Whilst browsing the Library of Congress’ “National Jukebox,” I came across recordings from a group called the Tuskegee Institute Singers (later known as the Tuskegee Institute Quartet). They started around 1914 as a college a capella group that took their talents beyond the halls of the Tuskegee Institute (an HBCU founded by Booker T Washington).
They directly adopted practices of the Fisk Jubilee Singers, and sang spirituals in a modified harmonized style to appeal to white listeners as the Fisk singers did. Scholars have drawn direct lines from the Fisk singers to the Tuskegee singers. Even if their work had been changed to appease a broad audience, some still found their work “primitive.”1
This follows a long line of judgement of the music of other cultures, which western Europeans often found strange and lower than their own. One review of their music from The Victor Records catalog of 1920 details their sound, which they found at the same time “wholly American” and “primitive” at the same time.2
Additionally, it is interesting that the critic here refers to their music as reverent and to be respected, but from his language does not himself revere the music. They reference that the music came from the grandparents of the singers – that it comes from a long tradition of workers. However, the description acknowledges the hard “American” work of the singers, but does not acknowledge that this work was carried out under the hand of slavery. This critic takes credit for the desirable aspects of the music but does not also take credit for the factor that slavery played in the music’s inception.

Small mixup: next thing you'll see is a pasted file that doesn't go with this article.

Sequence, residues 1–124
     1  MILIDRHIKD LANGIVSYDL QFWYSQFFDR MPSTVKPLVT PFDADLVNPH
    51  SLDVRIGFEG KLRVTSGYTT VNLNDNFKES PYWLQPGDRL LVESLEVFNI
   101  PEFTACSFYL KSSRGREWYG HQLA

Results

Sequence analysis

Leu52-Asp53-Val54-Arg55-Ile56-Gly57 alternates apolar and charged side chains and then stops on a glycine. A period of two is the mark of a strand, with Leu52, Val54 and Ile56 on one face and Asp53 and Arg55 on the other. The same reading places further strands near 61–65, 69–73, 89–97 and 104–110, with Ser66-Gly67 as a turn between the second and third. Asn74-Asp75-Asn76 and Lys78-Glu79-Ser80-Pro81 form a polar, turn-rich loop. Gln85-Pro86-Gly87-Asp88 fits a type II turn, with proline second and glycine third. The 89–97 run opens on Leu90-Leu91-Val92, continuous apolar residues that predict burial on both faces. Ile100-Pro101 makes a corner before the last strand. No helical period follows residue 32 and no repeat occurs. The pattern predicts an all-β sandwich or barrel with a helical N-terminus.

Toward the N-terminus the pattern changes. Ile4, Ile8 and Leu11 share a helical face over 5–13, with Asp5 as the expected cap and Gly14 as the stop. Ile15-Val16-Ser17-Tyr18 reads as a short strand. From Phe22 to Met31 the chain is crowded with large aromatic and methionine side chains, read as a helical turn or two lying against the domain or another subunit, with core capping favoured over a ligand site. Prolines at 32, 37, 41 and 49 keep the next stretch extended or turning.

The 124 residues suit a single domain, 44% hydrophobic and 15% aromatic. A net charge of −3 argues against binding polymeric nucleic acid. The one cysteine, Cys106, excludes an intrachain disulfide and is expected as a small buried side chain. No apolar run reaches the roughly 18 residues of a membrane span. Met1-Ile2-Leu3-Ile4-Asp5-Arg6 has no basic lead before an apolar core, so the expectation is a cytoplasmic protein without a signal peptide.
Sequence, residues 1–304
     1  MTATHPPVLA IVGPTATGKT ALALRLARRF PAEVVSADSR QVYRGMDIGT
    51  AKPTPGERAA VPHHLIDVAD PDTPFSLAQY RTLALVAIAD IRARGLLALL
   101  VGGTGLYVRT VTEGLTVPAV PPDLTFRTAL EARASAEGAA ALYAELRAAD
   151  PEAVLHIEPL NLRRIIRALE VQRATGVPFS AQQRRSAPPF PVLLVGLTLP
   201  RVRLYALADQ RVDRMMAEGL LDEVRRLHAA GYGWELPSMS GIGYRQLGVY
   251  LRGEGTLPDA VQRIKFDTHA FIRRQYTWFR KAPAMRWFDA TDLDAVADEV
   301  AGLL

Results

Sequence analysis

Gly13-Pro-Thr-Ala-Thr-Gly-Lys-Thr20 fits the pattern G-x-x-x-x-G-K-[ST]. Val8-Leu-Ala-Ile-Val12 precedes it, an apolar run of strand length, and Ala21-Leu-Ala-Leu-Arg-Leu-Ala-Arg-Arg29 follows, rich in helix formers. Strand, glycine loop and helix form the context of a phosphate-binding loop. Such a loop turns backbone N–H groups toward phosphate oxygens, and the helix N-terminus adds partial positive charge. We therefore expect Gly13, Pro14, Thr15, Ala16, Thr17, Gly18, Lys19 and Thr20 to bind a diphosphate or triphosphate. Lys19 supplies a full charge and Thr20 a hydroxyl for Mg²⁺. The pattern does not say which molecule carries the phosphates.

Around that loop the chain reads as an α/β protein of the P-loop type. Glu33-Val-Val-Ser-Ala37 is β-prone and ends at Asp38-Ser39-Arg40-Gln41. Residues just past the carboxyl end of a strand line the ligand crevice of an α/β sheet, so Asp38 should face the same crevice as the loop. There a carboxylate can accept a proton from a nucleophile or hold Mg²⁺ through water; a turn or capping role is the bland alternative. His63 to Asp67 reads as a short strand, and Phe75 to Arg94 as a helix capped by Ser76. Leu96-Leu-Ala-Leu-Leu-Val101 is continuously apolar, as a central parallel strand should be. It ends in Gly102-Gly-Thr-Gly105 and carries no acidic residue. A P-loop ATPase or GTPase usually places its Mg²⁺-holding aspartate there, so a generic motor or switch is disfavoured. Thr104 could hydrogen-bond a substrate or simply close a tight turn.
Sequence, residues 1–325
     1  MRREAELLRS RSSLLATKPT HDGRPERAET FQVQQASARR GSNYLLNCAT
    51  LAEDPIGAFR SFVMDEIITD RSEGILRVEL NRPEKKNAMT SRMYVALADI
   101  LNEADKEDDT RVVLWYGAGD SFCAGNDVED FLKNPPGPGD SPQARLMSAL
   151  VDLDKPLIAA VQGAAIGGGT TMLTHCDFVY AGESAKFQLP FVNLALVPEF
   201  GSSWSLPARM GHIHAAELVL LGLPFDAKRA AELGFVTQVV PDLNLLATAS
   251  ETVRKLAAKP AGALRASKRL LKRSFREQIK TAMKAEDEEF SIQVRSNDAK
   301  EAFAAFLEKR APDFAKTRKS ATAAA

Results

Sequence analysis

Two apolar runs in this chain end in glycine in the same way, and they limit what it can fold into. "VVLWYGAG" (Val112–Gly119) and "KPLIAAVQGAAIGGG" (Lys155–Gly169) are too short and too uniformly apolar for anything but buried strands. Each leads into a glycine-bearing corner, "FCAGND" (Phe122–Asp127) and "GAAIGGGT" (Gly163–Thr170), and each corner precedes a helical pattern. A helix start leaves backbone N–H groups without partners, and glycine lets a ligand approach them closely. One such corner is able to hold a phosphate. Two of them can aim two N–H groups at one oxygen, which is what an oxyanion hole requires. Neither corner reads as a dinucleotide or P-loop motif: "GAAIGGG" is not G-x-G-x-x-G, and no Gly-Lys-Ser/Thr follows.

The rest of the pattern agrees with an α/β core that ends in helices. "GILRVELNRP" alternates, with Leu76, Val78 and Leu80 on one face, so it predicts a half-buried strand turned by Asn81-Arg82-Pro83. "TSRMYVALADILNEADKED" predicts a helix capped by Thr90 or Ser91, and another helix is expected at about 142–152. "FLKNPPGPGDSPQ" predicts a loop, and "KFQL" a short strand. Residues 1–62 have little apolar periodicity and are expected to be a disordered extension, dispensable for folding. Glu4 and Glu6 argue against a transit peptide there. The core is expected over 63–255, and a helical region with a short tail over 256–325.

Below is a recording of the Tuskegee Singers singing “Go Down Moses” (a spiritual). More of their work can be found at the Library of Congress National Jukebox online site.
What do you think of their sound? Did it earn its criticism?